"Things You Wouldn't Know If We Didn't Blog Intermittently."
My "favourite" needless precisions are conversions of money and units of measurement.Being in Australia, we often hear in the news stories where American prices converted to Australian prices. For example, some expensive thing that the US media reports as costing $300 million US dollars will be reported in Australia as costing $314.7 million Australian dollars.Another annoyance is heights of people. A bank robber might be described as "approximately 183 centimetres tall" when it's obvious the description given was "about six foot tall".
For me the one that recurs most often is the local nightly news weatherman tediously saying that the current temperature is "57 in Platteville, 55 in Portage, 56 in Whitewater and Monroe..." when in fact the temperature isn't a single number in any one of them.
I suspect the author is having a bit of fun.
?? (It's a recurring feature on articles in that publication)
I am sure a computer algorithm computes the read time based on empirical data for average human reading speeds. It will parse the text, count the number of words, add / subtract a second here or there for more difficult / easier words and compute a reading time (likely to the nearest millisecond). The programmer was nice enough to render it to minutes:seconds for the soft fleshy humans. Here is an online tool where you can paste in any text you like and get an estimated reading time.The precision isn't necessarily "needless" the programmer just failed to consider the number of significant figures. I might care if a very short article has a 1m 30s reading time or a 1m 59s reading time. But surely the seconds are useless by the time you haven entered the tens of minutes range.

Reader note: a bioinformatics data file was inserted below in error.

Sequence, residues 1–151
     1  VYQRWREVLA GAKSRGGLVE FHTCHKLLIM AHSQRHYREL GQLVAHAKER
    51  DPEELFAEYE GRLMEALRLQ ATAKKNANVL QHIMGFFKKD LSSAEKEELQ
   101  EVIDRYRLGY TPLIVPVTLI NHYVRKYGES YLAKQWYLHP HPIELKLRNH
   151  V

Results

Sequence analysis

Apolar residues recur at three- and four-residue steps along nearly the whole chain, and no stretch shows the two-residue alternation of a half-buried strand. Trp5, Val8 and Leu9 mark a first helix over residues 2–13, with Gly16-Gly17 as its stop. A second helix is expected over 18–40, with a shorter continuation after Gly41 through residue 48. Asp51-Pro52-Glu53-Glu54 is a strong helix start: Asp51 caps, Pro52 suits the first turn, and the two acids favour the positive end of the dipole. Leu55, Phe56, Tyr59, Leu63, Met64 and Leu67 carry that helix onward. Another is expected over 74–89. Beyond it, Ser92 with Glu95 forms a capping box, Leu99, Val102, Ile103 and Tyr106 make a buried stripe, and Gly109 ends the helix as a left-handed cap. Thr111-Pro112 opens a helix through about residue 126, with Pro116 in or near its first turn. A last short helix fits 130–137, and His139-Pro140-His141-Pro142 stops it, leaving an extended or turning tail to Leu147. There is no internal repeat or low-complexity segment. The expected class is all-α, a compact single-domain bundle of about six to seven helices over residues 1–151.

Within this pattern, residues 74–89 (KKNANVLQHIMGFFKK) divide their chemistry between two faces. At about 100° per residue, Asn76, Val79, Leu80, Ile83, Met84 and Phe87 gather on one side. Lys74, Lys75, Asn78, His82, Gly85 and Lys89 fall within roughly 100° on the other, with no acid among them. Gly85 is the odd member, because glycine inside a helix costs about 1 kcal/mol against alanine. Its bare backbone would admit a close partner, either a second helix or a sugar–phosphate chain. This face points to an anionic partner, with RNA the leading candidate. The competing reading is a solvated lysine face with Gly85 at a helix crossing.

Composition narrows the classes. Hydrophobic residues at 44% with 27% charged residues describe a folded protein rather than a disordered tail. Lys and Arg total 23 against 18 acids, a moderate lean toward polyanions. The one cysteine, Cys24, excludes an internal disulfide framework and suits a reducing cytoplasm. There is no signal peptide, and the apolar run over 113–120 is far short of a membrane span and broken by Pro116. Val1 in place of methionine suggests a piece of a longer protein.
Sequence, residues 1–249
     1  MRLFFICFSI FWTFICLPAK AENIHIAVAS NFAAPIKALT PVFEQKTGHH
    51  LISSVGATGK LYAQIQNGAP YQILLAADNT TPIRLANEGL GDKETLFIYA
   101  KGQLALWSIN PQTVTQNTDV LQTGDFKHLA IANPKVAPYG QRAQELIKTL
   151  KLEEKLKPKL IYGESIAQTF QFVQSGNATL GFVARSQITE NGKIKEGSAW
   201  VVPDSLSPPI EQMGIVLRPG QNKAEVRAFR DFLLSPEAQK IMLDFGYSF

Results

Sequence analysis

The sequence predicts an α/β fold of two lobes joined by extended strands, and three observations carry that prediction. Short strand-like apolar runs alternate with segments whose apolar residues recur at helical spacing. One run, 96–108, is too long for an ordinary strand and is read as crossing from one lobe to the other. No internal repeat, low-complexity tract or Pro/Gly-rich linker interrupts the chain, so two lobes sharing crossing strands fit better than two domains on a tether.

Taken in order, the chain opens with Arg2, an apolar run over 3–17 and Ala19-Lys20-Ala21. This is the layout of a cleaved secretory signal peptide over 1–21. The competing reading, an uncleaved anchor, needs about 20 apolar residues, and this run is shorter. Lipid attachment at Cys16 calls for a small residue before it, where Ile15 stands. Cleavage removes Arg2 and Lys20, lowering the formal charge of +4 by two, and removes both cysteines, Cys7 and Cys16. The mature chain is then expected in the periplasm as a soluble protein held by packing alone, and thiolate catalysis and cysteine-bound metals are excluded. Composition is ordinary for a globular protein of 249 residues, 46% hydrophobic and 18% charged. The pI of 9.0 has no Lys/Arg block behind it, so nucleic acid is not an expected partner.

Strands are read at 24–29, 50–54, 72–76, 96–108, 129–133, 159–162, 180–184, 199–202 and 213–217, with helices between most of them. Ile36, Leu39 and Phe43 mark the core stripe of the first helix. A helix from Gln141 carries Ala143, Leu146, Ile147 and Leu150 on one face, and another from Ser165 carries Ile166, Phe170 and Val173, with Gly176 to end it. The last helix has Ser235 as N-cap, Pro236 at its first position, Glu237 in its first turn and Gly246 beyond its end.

I wonder if this is because the host website is tracking how much time elapses every time a user clicks on the story and subsequently navigates away. Theoretically, a computer would consider all visitors - whether they stay for 10 seconds or half an hour - as having "read" the story. Perhaps the 15 min 39 sec time really is an accurate average time.
Many times, I will start to read an article and stop after a few paragraphs, meaning the time elapsing before clicking away won't be accurate at all. Surely others do the same. It's more likely that the estimate of 15m 39s is from software like the online tool mentioned above. Either way, wouldn't it be sensible to simply say that the reading time is "about" whatever number of minutes is? But then we wouldn't have our little laugh for the day, ha ha!